Assessments under new benefits system investigated

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A BBC Scotland investigation finds that tens of thousands of claimants who are genuinely sick or disabled may have been refused the new Employment Support Allowance.

BBC Scotland investigations correspondent Mark Daly has been examining how the system works in practice.

David McNeish David McNeish says he was shocked he was deemed fit to work

It was heralded by government in 2008 as the answer to the nation's sick note mentality.

Employment Support Allowance was brought in to replace the creaking incapacity benefit system and was designed to help a million people back into employment.

The tough new medical assessment would tackle the something for nothing culture: weeding out cheats and scroungers, whilst those who really needed help, would receive it.

But fast forward just a year and a half, and there are calls for the planned roll-out of ESA to be shelved.

For the past three months, BBC Scotland has been investigating allegations that tens of thousands of genuinely sick or disabled people have been denied the benefits they're entitled to.

Under pressure

One of the first people I met was David McNeish, 34, from South Queensferry. He'd been a successful political lobbyist. But last year, his life began to crumble under the strain. A bout of depression escalated and he was diagnosed with acute psychosis, and assessed as a danger to himself and others.

He said: "It was kind of like a car crash, to be honest - it just came out of the blue. From me going from being, you know, a very capable, very competent person to suddenly seeing things that weren't there, hearing voices, not really being able to function properly at all."

Start Quote

The medicals don't appear to be thorough. They don't appear to cover the areas that the patients want to talk about, often mental health problems”

End Quote Dr Chris Johnston GP in Paisley

David applied for ESA, and was sent for the medical, known as the Work Capability Assessment, which is designed to assess what a claimant can do, as opposed to what they can't.

ESA is based on a points system and is divided into three groups:

  • The support group, which means you are so ill you are unlikely to be able to work - which pays almost £97 a week
  • The work-related activity group, which means you have the potential to work and will get support back into employment, and this pays £91 a week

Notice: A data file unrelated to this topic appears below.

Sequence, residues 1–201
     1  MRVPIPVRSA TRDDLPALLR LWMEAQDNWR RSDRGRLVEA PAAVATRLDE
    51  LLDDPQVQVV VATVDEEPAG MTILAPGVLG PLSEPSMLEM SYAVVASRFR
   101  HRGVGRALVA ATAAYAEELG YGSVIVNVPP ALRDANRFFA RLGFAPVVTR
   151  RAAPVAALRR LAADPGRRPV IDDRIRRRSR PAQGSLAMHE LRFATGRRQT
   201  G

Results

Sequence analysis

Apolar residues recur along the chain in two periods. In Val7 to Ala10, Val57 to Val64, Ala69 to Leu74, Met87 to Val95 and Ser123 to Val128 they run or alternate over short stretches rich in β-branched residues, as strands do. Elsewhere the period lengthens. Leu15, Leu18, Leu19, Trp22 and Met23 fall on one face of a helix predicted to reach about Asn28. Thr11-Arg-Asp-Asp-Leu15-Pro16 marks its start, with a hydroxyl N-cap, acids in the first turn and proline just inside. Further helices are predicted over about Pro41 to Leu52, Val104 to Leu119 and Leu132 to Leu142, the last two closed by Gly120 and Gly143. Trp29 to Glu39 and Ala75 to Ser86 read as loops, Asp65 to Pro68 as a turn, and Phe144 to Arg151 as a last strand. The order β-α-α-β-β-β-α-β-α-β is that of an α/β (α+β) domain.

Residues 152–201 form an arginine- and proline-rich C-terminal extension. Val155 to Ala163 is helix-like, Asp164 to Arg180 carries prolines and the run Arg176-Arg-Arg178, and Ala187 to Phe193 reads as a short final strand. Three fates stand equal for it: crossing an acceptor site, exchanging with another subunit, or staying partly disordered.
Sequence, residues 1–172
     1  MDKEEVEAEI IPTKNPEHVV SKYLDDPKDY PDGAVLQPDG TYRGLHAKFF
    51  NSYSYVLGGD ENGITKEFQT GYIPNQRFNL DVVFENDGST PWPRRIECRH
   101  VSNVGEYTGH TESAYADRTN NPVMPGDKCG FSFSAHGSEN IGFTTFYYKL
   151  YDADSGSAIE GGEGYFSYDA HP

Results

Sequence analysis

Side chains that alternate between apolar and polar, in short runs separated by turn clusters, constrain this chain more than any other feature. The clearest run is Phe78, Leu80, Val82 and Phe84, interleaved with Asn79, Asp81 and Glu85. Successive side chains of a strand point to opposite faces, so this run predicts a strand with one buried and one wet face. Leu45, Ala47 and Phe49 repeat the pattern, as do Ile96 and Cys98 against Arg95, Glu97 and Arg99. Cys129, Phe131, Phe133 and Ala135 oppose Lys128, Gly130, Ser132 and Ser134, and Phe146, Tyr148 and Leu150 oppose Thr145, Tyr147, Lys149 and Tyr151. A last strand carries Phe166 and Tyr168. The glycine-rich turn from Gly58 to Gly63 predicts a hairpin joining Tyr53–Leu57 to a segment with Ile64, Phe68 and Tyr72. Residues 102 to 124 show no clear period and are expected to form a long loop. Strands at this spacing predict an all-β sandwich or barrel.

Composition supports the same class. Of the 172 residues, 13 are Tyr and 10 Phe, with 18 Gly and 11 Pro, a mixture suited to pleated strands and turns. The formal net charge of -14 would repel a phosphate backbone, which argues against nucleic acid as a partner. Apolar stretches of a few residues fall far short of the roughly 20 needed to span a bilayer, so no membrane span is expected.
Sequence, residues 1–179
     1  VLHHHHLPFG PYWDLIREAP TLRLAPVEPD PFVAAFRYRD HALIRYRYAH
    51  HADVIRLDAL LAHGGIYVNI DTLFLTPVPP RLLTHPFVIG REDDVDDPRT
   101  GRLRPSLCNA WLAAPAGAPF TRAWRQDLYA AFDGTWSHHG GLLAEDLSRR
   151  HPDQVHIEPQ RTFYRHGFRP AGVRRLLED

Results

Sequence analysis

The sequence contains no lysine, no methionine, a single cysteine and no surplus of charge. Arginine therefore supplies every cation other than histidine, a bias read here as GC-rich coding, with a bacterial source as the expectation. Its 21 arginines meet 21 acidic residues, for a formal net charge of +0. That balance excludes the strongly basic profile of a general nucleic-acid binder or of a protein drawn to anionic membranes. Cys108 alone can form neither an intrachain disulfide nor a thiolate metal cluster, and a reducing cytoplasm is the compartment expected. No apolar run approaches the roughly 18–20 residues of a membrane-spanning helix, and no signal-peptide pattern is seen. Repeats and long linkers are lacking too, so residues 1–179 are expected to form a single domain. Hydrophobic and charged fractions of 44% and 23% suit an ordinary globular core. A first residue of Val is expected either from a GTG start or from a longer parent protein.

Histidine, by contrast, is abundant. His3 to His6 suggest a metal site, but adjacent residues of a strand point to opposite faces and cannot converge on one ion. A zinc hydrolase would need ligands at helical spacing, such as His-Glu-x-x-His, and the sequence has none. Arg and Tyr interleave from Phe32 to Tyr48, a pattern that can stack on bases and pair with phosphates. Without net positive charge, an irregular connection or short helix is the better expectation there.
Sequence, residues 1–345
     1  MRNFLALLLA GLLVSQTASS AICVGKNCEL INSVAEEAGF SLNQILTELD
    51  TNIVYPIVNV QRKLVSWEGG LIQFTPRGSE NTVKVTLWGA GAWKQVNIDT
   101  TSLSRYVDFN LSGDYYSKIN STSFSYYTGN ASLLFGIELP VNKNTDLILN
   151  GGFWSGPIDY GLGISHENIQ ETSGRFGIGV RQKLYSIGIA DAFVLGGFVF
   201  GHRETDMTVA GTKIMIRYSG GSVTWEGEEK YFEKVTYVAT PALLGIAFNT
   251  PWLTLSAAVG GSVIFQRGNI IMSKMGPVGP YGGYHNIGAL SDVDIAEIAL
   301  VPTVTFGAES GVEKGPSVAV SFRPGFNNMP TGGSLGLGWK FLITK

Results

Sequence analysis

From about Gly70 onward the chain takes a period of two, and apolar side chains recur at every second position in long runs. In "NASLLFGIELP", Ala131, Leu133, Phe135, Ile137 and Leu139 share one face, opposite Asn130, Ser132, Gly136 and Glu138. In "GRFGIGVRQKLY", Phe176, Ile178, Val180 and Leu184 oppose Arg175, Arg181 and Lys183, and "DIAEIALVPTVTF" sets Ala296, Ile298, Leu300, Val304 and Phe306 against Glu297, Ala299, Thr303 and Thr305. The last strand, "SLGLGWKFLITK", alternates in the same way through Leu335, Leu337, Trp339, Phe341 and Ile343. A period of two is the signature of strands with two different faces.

• Fit for work category, which means you are not entitled to ESA and must find a job, or apply for jobseekers allowance, which pays £65 a week.

Claimants must score 15 points or more to qualify for ESA, and after providing evidence of his mental health problems, David was sure he would qualify, and was shocked to find he hadn't.

He said: "It was a real shock when we got the letter through to say that I'd been assessed as fit to work, and it was even more of a shock to find out that we'd been awarded zero points, which just seemed completely inconceivable, given what was going on.

"I've been working all my life, I've never not been working, and I felt I needed a lot of help for a short period of time, and I didn't get it. And what I did get, I had to fight for."

'Tougher than expected'

I went to meet Dr Chris Johnstone, a GP from Paisley who'd piloted a back to work scheme at his practice. He agrees with the principle of ESA, but has serious concerns about the medical.

He said: "The problem that the patients are reporting back to me appears to be that the medicals don't appear to be thorough. They don't appear to cover the areas that the patients want to talk about, often mental health problems, and a lot of people who I would have thought are clearly unfit for work, or possibly suitable for further training, are just being deemed fit for work."

The medical was always anticipated to be much tougher than under the previous incapacity benefit regime but the reality has taken even the government by surprise and has found more than two-thirds of sickness claimants fit for work. That's almost 20% more than the DWP had anticipated. And this has been reflected in the number of appeals.

Our Freedom of Information request revealed that ESA appeals are running at about 8,000 hearings a month, which is double the number of the next most commonly appealed benefit, Disability Living Allowance. About 40% of those ESA claimants who do appeal have their decisions reversed.

Professor Paul Gregg was commissioned by the government to design a key element of ESA, the part which provides support for people back into the workplace, and he has serious concerns.

He said: "I think the DWP are surprised at how few people are passing this new test and moving onto ESA.

"I'm concerned in a sense that too many of the people who the system I was designing for are not entering that space and potentially not benefiting from it."

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